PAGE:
Online Video

Brand Strategy: Does Your Brand Have An Enemy? It Needs One.

The inspiration for this article comes from faithful Brandscapes reader Kent Davidson of Advanta Design.

In designing products for companies like Bombardier, Samsung and Cisco, Kent makes it a habit of pushing the envelope to create new possibilities.  So he was quite struck by the irony of the Mediocrity car company.

The Appeal of Mediocrity

Mediocrity is a fictional automaker invented by Subaru.  It is featured in a hilarious ad campaign that you’ll enjoy watching.  In order to position itself as a leader in innovation, Subaru concocted Mediocrity as an antithetical enemy that lives up to its name.


The ad campaign, as well as being very funny, is a smart piece of strategy.  It gives Subaru what every brand needs, an enemy.

What Do Brands Need to Succeed?

If you were assigned the task to build a new brand, what steps would you take to create it?  What would the brand need to become established and successful?

A unique, engaging name?  A simple iconic logo?  A clearly articulated persona?  A compelling value proposition?  A sense of mystery?  A sense of community?  How about the ability to immerse customers in an enthralling experience?

All of these elements are important and valid.  But there’s an important item missing from the list.  How about an enemy?  That’s right an enemy.  Every brand needs an enemy.

Pepsi, Coke & 7Up

Coke needs Pepsi.  Pepsi needs Coke.  7Up needs both Pepsi and Coke.  Dr. Pepper needs Pepsi, Coke, 7Up and every other soft drink.

The Red Sox need the Yankees.  The Oilers need the Flames.  The Longhorns need the Aggies.

Bush & Obama

In the 2008 presidential election, Barack Obama needed the record of George W. Bush.  In the 2010 mid-term election, the Republicans needed the record of Barack Obama.

Teen-focused products need out of touch parents.

In sports, politics and branding, having the right enemy makes a big difference.

Do You Like the Enemy Idea?

How do you feel about this enemy concept?  Are you on board with the idea?  Or does the notion strike you as old school, unenlightened and barbaric?

Don’t we live in a more genteel, intelligent, sophisticated age that has advanced beyond binary paradigms of conflict?  Isn’t it a small world after all?

If your brand is committed to making people feel good, this enemy talk might seem out of character.  But don’t shrink away from the idea too quickly.  If you brand story doesn’t have an enemy, you’ll likely struggle to engage customers in your message.

The Disney Example

Consider the example of Disney, one of the world’s highest profile feel good brands.  If you distill Disney down to its essence, the company’s core competency is storytelling.  The company earns billions every year by tapping into our innate fascination with stories.

Brand Storytelling

Disney excels at storytelling because in many cases, the story is the product the company is selling.  But even if you’re not selling a story, you’ll do the best job of selling if you use great storytelling.  And that’s why every brand needs an enemy – to build a great story.

Think about the classic Disney films.  Each one features a foreboding enemy.

Sweet Snow White was opposed by the wicked witch.  Peter Pan was taunted by Captain Hook.  Cinderella had to overcome the domination of her evil stepmother.  The 101 Dalmatians were hounded by Cruella De Vil.  In the Jungle Book, Mowgli faced the constant threat of being Shere Khan’s next meal.

Why All the Enemies?

Why would a feel good company like Disney devote so much attention to enemies?  Great storytelling demands it.

Without an enemy, there is no story.  Life is comfortable, but dull.  The audience doesn’t care.  Theatre goers don’t pay to be bored.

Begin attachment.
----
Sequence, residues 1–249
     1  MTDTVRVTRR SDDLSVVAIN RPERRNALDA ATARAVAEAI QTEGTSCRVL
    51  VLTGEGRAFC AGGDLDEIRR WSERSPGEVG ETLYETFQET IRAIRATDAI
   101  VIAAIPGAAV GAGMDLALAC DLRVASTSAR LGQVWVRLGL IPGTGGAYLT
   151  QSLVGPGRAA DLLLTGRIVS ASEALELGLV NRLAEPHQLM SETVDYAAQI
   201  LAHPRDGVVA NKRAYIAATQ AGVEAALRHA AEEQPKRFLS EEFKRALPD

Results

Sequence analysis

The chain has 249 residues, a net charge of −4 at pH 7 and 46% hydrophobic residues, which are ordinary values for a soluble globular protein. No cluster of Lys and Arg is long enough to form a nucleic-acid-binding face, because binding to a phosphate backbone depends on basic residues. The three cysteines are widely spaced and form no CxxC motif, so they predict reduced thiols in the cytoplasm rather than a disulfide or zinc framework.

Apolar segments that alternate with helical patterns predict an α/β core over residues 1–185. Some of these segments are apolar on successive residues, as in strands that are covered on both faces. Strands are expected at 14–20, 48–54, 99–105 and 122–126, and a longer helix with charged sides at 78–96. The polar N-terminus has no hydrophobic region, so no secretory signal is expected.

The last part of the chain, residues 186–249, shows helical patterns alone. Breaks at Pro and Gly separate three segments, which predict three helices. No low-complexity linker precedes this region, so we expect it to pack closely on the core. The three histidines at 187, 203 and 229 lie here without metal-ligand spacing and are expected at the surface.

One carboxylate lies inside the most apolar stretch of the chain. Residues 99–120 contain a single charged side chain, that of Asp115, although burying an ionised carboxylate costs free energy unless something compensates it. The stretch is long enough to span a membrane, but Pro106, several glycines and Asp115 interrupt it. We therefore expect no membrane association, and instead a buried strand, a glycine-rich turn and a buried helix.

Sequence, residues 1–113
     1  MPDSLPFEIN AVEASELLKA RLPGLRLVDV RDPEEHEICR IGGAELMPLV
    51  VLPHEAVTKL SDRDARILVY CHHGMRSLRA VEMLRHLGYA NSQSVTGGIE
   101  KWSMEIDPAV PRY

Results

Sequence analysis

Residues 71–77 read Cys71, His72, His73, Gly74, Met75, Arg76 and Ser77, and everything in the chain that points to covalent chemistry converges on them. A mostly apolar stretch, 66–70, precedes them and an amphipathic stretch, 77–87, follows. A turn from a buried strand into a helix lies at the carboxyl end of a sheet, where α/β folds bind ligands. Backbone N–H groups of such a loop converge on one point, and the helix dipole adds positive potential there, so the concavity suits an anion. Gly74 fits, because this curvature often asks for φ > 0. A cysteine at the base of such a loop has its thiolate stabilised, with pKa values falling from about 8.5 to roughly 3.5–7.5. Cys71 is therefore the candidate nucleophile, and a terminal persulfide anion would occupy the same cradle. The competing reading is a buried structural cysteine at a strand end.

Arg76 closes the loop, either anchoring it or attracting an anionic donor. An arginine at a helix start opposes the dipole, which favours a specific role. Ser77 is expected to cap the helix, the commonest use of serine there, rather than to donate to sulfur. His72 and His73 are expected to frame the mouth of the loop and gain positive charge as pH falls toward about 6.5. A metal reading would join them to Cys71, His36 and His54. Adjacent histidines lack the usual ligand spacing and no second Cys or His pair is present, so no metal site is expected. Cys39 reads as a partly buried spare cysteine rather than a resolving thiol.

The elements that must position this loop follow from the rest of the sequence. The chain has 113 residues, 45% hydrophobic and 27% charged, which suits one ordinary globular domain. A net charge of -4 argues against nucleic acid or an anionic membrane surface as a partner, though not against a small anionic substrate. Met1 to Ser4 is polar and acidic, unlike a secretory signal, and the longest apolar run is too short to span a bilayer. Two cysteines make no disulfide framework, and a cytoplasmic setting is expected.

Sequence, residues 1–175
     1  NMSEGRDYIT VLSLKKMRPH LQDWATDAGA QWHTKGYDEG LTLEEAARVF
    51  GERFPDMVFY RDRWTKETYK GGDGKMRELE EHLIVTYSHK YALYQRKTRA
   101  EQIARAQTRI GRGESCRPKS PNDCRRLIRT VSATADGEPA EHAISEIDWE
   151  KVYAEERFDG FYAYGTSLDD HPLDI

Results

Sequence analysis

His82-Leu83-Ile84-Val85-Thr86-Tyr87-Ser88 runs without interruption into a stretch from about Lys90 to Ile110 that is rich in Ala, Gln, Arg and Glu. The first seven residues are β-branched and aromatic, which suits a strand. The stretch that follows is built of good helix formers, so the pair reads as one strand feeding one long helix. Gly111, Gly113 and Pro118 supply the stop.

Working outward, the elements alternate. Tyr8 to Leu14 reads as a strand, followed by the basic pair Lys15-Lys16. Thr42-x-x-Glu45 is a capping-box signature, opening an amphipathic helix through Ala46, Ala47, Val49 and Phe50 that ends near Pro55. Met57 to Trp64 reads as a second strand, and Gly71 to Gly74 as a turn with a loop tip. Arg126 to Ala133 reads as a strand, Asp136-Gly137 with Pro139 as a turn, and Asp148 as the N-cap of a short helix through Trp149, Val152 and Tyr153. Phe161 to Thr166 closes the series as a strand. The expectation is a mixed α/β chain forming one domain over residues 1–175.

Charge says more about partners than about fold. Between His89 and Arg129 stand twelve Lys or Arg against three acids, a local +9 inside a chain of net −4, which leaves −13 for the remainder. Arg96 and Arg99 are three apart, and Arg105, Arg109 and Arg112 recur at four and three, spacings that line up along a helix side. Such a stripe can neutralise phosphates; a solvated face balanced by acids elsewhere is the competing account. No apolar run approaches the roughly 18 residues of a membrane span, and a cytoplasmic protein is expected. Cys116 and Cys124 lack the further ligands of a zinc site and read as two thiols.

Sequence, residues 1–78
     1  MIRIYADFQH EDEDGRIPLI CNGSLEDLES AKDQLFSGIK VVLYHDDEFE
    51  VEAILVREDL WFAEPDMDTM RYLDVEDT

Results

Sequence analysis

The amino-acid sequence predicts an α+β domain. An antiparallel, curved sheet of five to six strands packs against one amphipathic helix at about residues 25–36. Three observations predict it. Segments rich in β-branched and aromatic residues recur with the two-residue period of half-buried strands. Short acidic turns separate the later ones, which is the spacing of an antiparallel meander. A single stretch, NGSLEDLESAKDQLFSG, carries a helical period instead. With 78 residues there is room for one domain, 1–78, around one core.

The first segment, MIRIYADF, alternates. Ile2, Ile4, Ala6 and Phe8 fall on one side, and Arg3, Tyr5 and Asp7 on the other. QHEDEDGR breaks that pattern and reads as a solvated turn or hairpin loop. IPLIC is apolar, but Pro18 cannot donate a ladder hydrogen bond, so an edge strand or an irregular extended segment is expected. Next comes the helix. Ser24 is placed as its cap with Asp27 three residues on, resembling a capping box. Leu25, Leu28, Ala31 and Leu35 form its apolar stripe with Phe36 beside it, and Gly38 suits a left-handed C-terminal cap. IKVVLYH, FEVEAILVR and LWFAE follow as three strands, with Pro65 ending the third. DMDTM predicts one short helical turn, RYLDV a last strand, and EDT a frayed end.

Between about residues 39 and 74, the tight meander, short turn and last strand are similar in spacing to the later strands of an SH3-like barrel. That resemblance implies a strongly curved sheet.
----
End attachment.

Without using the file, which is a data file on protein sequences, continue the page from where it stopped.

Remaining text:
Enemies make stories interesting.  They raise the stakes.  They introduce risk and intrigue. Once an enemy appears, we’re no longer sure how things will turn out.

Triggering Emotions

Enemies trigger emotions.  When viewers are first introduced to Snow White, they may like her.  But when she is threatened by the wicked witch, like turns to love.  Viewers become emotionally engaged.  They feel fearful for Snow White and angry at the wicked witch.

This is an important lesson for brands.  Great brands connect with customers at the emotional level.  If your company doesn’t create an emotional connection, you don’t have a brand, you’re positioned as a commodity.  Enemies can help create the emotional attachment that every brand needs.

Discovery & Character Development

Enemies enable discovery.  The contrast between the hero and the enemy helps audiences grasp the hero’s true nature.  Only against the backdrop of darkness do we come to appreciate the qualities of light.

Enemies play an essential role in character development.  Only Bambi’s struggle with the hunters, the hunting dogs, and the forest fire allowed him to take his place as the new Prince of the Forest.

Unexpected Allegiances

Enemies also create unexpected allegiances.  In Pirates of the Caribbean, Jack Sparrow, Will Turner and Elizabeth Swann seemed the most unlikely of cohorts until the attack of Captain Barbossa and the cursed crew of the Black Pearl.  Then the trio became steadfast allies.

Customers will have a strong attachment to your brand if your enemy is their enemy.

What Enemy Should You Choose?

So if every brand needs an enemy, who should your enemy be?  Does it need to be your direct competitor?  It depends on your market position.

If you’re the underdog in a David and Goliath struggle and you offer some unique benefits, maybe Goliath should be your enemy.  You might be able to get customers to reconsider their Goliath allegiance and steal some market share.

If you’re locked in a two-way, head-to-head battle with another supplier, where customers have to choose one or the other, it seems to be a natural choice to make that competitor the enemy.  This approach works well in sports rivalries and political battles.

It was also the rationale behind the Pepsi Taste Test.  The side-by-side comparison got cola drinkers to stop and think about which soda actually tasted better.  The drawback to the campaign however, was every commercial gave Coke a piece of the spotlight.  It also made Pepsi quite Coke-focused.